New Yorker on genius

Caught by the title, I read Late Bloomers – Why do we equate genius with precocity? today from the New Yorker.  It focused on an analysis by and economist on two painters and two writers, one of which was a prodigy, and one a “late bloomer”.   Choice quotes:

“Prodigies like Picasso, Galsenson argues, rarely engage in that kind of open-ended exploration.”

“… creativity can be divided into these types – conceptual and experimental”

“More happily endowed and more integral personalities have been able to express themselves harmoniously from the very first.  But such rich complex, and conflicting natures as Cezanne’s requires a long period of fermentation.”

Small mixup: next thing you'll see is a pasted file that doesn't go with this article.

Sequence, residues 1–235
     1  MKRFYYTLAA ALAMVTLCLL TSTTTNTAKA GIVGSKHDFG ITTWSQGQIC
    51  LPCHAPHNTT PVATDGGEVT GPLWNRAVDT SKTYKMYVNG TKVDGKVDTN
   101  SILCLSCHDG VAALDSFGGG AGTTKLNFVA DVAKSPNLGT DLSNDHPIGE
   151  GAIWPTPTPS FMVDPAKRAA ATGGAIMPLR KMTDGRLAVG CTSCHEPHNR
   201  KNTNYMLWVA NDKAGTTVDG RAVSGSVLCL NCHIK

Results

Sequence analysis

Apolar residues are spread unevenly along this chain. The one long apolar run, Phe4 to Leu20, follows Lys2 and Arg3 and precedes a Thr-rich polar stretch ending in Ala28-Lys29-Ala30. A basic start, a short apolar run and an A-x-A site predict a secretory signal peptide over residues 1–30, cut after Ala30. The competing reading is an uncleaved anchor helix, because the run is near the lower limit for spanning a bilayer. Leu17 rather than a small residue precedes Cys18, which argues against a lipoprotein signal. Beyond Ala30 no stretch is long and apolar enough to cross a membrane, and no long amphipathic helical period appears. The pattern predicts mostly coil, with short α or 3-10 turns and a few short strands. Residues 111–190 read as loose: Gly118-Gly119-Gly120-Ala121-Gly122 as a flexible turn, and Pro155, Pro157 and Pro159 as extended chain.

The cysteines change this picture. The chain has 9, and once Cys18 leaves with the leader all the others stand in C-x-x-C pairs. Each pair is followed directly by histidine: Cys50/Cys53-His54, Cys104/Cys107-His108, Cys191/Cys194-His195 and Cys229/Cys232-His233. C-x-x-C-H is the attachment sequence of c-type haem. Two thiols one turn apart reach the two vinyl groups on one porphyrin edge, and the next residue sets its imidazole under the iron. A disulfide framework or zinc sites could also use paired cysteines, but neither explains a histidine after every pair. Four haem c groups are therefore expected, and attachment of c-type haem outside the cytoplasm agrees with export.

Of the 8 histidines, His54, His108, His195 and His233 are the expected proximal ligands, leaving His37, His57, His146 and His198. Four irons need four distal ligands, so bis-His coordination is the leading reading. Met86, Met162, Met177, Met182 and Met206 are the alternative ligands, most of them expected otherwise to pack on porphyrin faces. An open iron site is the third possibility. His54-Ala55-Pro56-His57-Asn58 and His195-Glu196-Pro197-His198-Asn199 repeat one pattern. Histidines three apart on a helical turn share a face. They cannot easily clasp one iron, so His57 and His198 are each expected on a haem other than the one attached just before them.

“Prodigies are easy.  They advertise their genius from the get-go.  Late bloomers are hard. they require forbearance and blind faith.”

“This is the final lesson of the late bloomer: his or her success is highly contingent on the efforts of others.”

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